The Psychiatrist assigned to my ward visited daily. Each patient would get a chance to see him individually. When it was my turn I remember entering a small room and I was shocked to see at least 5 people with the doctor. Some may have been wearing white coats. I remember feeling very afraid and not being able to answer any questions. I was there for less than 2 minutes before I was allowed to leave. They quickly realised that a group of interns would not get me to open up. I was left alone for a few days and then I got some one on one time with the doctor, seldom more than about 5 minutes at a time. Visiting hours were in the afternoon. My husband brought the kids a few times and then he came alone after that. My mom and dad visited and my sisters and my best friend. I never wanted them to leave and felt a sinking, desperate feeling afterwards. The first time my husband brought my kids I was so happy. My baby looked chubbier and was dressed in a beautiful yellow dress. I hugged her close to me for the whole visit and gave her a bottle. My son, who was 4 at the time, was a little unsettled, and I could see he felt uncomfortable, but I chatted with him and his dad and played with him. I felt robbed when they left – the precious time with them was never enough.
How I longed to be back home again! The uncertainty, the fear … Thank God that Jesus showed up when he did!

Day 2 of Prison Break of Thoughts

I started journaling while in the psych ward of a two week stay in hospital being treated for post-natal depression. One of the ex-patients who was there on the evening I was admitted, returned to visit me on my birthday and gave me the journal. That was 18 years ago. I now have a box of journals gathering dust. One day I will get around to transcribing them and doing my memoir.

I have always been a quiet and over-sensitive person, and as a middle child I preferred not to be noticed, but at the same time I felt jealous of my younger sister’s exuberance and attention she received. Having a childhood stammer did not help and I preferred not to speak up at school for fear of being ridiculed. I had a lonely school life, but it dawned on me by college that I had to make an effort to go up and speak to people, make the initial effort, or I would end up very lonely. My college years would become some of my best memories.

Still, my nervousness, sensitivity and low self-esteem lingered into my marriage and motherhood. By the birth of my second child and the stress of a job I hated, I got to the point of no return. Depression. What is it? For me, it started with lack of sleep, being constantly tired, worrying about everything and imagining the worst. Yet it was an invisible illness, and to me it sounded so insignificant and I found it hard to accept that it was just depression. I had a cancer scare some years before, and this was far worse.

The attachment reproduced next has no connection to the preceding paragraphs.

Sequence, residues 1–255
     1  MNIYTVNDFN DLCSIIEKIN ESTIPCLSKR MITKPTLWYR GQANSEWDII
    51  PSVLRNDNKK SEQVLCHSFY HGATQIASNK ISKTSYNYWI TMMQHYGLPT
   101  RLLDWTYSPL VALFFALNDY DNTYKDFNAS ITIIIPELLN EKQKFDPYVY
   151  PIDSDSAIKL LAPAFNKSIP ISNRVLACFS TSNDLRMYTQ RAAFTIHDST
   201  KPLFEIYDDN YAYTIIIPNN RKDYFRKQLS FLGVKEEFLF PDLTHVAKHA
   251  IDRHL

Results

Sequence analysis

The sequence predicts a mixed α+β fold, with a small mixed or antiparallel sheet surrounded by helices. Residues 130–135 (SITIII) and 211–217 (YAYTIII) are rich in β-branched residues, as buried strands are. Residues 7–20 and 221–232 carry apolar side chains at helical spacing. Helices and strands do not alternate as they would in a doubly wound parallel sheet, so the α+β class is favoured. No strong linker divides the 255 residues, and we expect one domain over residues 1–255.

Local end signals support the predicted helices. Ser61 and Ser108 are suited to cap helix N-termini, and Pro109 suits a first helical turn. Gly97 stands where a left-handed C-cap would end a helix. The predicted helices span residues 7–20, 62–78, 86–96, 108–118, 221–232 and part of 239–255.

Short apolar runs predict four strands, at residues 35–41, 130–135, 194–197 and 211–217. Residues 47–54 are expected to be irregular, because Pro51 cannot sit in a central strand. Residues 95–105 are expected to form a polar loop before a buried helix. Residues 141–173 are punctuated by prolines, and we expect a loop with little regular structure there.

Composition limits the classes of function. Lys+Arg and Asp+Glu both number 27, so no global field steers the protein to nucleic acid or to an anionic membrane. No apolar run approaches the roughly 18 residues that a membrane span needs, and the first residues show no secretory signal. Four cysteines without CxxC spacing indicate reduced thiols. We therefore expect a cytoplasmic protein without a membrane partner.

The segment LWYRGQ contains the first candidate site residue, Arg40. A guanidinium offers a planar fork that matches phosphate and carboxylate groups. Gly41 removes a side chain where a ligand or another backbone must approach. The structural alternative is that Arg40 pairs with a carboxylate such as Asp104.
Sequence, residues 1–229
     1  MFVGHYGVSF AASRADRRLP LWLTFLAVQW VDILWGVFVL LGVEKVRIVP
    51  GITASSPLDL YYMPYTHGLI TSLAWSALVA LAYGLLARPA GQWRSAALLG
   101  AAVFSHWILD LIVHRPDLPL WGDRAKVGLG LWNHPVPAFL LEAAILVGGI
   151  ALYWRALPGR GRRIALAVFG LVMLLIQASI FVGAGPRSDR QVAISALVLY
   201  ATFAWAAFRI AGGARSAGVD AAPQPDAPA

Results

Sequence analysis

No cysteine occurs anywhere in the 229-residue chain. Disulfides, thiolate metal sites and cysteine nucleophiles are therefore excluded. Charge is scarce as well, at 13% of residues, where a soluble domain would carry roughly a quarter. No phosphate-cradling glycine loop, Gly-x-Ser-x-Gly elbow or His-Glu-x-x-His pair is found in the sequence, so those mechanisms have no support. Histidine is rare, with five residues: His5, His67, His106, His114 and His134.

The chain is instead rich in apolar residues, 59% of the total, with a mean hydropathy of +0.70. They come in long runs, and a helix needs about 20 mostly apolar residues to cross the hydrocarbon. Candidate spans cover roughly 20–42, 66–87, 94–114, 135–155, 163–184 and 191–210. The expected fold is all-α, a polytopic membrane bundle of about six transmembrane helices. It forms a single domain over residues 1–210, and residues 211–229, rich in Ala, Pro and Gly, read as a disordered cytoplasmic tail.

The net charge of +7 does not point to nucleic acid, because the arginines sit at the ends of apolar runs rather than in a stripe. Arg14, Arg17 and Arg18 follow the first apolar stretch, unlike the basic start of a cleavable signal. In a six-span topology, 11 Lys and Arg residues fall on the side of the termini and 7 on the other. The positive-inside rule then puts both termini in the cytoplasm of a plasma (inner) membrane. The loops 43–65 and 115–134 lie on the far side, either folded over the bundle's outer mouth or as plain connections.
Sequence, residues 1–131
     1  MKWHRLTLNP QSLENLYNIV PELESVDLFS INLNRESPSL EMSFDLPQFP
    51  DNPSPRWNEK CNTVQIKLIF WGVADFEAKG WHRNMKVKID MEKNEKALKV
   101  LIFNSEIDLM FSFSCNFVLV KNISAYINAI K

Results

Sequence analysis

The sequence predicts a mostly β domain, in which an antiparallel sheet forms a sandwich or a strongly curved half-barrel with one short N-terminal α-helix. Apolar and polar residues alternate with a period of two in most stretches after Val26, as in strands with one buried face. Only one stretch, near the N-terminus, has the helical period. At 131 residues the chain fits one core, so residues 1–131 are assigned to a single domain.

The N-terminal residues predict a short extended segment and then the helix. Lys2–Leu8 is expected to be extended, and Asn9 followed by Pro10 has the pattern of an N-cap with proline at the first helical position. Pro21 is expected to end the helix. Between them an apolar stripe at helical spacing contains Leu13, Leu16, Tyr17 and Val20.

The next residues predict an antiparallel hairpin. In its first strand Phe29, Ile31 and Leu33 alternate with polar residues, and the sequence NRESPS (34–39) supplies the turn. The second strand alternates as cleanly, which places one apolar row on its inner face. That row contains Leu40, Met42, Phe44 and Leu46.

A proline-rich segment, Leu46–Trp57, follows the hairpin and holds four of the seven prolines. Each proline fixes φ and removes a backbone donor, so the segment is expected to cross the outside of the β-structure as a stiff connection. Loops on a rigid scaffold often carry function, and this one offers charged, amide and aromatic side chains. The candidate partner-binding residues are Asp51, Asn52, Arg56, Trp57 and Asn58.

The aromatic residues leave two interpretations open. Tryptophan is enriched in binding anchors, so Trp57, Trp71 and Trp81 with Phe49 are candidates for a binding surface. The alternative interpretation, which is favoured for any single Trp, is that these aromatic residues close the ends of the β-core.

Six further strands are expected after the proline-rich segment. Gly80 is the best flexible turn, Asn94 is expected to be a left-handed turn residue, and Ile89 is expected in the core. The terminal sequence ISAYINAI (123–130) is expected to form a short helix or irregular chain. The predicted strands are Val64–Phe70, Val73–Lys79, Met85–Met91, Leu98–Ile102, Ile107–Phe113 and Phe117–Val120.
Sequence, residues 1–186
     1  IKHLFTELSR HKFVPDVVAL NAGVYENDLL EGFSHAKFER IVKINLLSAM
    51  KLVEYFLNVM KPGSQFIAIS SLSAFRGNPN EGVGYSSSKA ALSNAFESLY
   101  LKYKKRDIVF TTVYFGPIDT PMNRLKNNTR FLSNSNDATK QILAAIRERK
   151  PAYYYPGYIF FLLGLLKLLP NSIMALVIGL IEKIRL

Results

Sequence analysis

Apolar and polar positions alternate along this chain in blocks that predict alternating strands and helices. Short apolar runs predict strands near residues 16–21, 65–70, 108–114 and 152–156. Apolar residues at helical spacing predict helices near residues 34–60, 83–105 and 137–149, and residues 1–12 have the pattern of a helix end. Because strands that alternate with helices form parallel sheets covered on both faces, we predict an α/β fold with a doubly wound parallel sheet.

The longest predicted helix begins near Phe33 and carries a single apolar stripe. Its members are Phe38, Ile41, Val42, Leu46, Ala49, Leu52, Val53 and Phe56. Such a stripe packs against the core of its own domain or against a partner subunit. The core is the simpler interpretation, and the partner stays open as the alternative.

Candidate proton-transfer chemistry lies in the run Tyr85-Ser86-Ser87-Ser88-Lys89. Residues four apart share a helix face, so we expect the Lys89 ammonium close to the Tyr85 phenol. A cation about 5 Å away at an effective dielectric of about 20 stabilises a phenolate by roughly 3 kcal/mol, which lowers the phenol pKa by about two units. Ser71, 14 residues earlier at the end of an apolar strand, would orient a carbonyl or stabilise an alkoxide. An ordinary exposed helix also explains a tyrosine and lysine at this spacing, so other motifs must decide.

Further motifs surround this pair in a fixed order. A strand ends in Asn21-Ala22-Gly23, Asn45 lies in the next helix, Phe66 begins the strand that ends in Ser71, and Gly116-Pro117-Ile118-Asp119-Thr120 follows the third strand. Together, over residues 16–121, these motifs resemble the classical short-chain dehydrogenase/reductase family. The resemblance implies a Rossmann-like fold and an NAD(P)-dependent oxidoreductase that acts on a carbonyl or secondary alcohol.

I was still breast-feeding my daughter and the thought of taking medication was unacceptable to me. I eventually reached breaking point and left home, walking without looking back. I reached an empty church and went in to plead with God to make me feel better. Exhausted, I lay on one of the pews. A man approached me and tried to talk to me. Much later I realised that he was an angel sent to protect me during my darkest hour.

Within the first few days of my stay in the hospital I met God. He showed up and told me that everything would be alright, to trust him and get to know him. It was so simple yet impossible to explain unless it has happened to you. I asked my husband to find my Bible and bring it to the hospital. It had well worn pages, not by my fingers, but by my grandmother and great grandmother, passed on to me. My eyes could not make out the words on the pages as the medication had caused my vision to blur. I kept that Bible close to me during the time I was in that public hospital ward. One thing was certain, God had given me a desire to know him that would not go away.

Me and my daughter 11 years on

Prison Break of Thoughts: 31 Days of Inner Release

Prison Break button
This is a journey I am hoping you will share with me. A current and ongoing journey, once stifled but now determined to be released, of stopping old patterns and starting healthy new ones, of discovering and experiencing life in a way I have never seen or done before. Fear and depression coupled with low self-esteem have been the main stumbling blocks, and I will let you in on a bit of my story, show you how I overcame, and how I can stay on the right path. I am praying as you get snippets of me that it will help you in your own journey, but selfishly, I am also expectant that after this month I will be fully rejoicing in my freedom, knowing for certain that my passionate inner voice can finally be heard.
THANK YOU for keeping me company these next 31 days!